Have you ever noticed how little space you actually use in your house? Kitchen, bathroom, bedroom.. just the bed for the most part, and someplace to sit. I’ve found the same is true on a boat, where you sit, sit and cook, sit and read, sit and go to the bathroom, pull up to shore and go for a walk so that you can come back and sit some more.. and then go to sleep. The rest of the time you are going from one place sitting place to another.
Isn’t a boat used best to journey into the world around you? If so… When you take a boat out for a weekend, get out. Don’t recreate your home… use your boat to explore a new world.
If that’s your coarse, if that’s the journey for you, boats just don’t need to be big to go on small rivers and the like. In fact, smaller can really be far better. It costs far less to keep, to build, and to transport. And you can go anywhere there is protected water. Five inches in a shallow pond, lake or river? No problem… that’s plenty for a small boat like this. That little creek that joins the river and goes who knows where? Head in and find out.
I had a classic 1960’s 28 foot Owens cabin cruiser. I spent more every month on that boat than I spent building this one. $350 a month moorage and $100 a month on old wood boat insurance. Gas? Crazy, of course. It’s a rich man’s hobby, a bit of fun for folks that don’t mind that “hole in the water”.
Enter the Micro-Shanty… the modest but cute little canal boat for the protected waters adventurer.
Small boats like this are a different thing all together. When it came time to build I already had the trailer. I had some of the wood. And the wood I did buy was maybe 4 sheets of plywood and a bundle of trim pieces. And when I am done with the boat… whatever. I Give it away… throw it away… sell it if I want.. but don’t worry if I can’t. We don’t worry too much if we spend this king of money on a couple of nights at a hotel sleeping in a bed we share with strangers!
This sort of building means almost anyone can have a boat. And look where you can go, as in my shots of the Sammamish Slough…. a modest little waterway weaving through a few cities on the east side of Lake Washington in Seattle. Launching for a year is a one time $35 fee. It’s battery powered, so my costs, including a new battery, may be $100 a year.
So what of my wife and family? I don’t need the space because this is MY hobby, not theirs. My kids are building lives of their own now, and my wife’s idea of fun does not include spending nights out on boats. So… we spend out time together doing different things. And when I go out on my own, why bring all that extra boat?
I started the project months ago… designing and building… but hit the usual wall of time, low energy after a full day work, and the usual challenges of life. Then, on the way to it’s first test launching I hit a huge pothole and the battery cracked the bottom at a weak joint.
So… after moping for a few months I decided that I was going to make just enough progress on this little boat, do just enough of a repair, to allow me to test it. Was I too big for it making it too tender? Would it skitter around like a leaf in the wind? If it became clear the boat didn’t work I would give it to some neighbor kids to use as a playhouse. They were more than game! If it seemed a viable solo camper for calm and protected waters I would finish the build and go out for a couple of nights to give it the big test.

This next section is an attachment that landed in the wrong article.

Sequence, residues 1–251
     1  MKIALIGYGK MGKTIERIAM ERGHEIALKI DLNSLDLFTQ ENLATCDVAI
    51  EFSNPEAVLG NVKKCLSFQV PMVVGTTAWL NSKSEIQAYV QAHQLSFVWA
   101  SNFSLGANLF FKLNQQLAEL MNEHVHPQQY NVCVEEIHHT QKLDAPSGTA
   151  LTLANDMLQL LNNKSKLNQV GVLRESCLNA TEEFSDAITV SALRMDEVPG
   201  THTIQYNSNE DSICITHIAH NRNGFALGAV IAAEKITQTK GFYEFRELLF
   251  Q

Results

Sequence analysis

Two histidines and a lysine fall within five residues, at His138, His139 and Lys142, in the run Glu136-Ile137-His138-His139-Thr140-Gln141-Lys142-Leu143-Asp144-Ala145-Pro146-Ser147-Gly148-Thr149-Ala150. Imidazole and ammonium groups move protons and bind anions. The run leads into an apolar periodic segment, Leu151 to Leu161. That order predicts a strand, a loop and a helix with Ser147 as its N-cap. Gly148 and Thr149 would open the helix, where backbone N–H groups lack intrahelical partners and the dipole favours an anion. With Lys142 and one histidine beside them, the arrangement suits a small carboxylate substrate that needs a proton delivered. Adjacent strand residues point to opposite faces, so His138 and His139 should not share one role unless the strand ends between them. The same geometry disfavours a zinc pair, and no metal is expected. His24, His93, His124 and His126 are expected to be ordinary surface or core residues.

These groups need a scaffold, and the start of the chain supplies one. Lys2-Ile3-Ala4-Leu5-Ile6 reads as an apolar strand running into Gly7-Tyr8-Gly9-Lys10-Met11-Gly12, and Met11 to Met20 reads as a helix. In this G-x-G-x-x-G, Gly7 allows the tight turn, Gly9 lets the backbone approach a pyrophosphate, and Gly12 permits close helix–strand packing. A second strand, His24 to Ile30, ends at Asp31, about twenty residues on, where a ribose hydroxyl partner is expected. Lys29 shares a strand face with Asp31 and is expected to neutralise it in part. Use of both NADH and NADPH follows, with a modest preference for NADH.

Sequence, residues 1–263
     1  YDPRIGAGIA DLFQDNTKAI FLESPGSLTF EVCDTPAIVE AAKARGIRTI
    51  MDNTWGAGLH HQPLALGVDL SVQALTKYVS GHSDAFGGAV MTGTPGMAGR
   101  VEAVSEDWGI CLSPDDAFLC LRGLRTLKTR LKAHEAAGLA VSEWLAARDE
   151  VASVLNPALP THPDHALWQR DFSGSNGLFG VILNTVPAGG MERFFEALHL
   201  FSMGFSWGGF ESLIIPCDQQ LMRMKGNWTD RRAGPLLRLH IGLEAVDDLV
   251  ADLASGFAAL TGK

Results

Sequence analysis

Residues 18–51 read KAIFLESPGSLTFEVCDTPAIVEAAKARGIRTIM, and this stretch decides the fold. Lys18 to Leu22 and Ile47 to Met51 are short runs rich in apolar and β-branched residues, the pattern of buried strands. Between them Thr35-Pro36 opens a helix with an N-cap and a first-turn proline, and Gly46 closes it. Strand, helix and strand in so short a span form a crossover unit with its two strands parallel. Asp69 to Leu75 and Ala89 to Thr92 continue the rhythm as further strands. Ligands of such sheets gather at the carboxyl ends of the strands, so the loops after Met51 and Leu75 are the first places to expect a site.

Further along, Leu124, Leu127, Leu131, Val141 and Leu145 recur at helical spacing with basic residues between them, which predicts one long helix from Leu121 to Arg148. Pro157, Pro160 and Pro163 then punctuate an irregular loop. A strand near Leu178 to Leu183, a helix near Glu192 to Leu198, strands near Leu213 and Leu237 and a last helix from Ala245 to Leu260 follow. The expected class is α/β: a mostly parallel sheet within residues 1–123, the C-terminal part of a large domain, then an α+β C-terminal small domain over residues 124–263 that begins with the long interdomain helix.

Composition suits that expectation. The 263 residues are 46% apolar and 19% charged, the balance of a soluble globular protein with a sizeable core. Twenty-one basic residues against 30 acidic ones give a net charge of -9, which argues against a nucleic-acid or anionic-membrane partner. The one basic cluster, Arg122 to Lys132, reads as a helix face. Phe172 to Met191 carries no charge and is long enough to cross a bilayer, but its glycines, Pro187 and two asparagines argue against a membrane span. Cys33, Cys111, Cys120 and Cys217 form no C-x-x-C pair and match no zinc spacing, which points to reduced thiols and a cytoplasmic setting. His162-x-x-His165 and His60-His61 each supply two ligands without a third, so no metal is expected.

The verdict? It worked. On my first ever journey away from the dock in my self designed Micro Shantyboat, I spent a beautiful day cruising. I did it after spending maybe $350 on materials. I did it after towing the boat and trailer with my standard modestly powered old Chevy. It was a journey of a few hours heading up the Sammamish Slough, an infrequently used waterway on the north end of Seattle’s Lake Washington, amongst kingfisher and heron, floating from neighborhoods to secluded and shady bends in the river. It’ was such a mind cleanse, made even better knowing I made it with my own hands and a relative fistful of dollars.
But how does the boat handle? It is only 8 feet by 4 feet, so it does lean toward tender.. but if you sit in a lawn chair in the middle of the boat you are fine. It’s unlikely the little barge will flip, but it is at it’s best, it’s the most comfortable, if you just sit down as the world floats by.
A little boat like this, with all that color and the funky shape, certainly gets attention. Along the way people came out of their houses to proclaim, “that’s adorable!” As is usually the case, there was a macho contingent that clearly felt a bit embarrassed for me, but I am the darling of the moms and older crowd. For a slow journey on a quiet river it’s form follows function… but with a little charm and color thrown in for fun. (The paints, by the way, were mostly left over from house projects. Paint from a deck for the hull, blue from a door, and some other colors we bought as samples before painting the house. Never fear color and lots of it.)
Truth be told, there was a small leak somewhere from that old crack. I’ve removed the cabin and turned the boat over, and once it dries, I’ll put on a layer of epoxy and paint, and then take it out for it’s first overnight.
So the verdict? Success… this little design works… it’s affordable… and it let’s you go into the really small water where most others fear to tread.
The boat is good. Life is good.
Two videos of the original idea.
Want to build your own? At this point there are no plans. I recommend using the DockBox plans from Jim Michalak at Duckworksmagazine.com and then making it your own as your skills allow. At some point I may offer plans at ShantyboatLiving.com if there is any interest. You can also check out some of the ideas from Deek at http://relaxshacks.blogspot.com/ Or… start designing your own!
Originally posted 2012-08-01 15:40:24.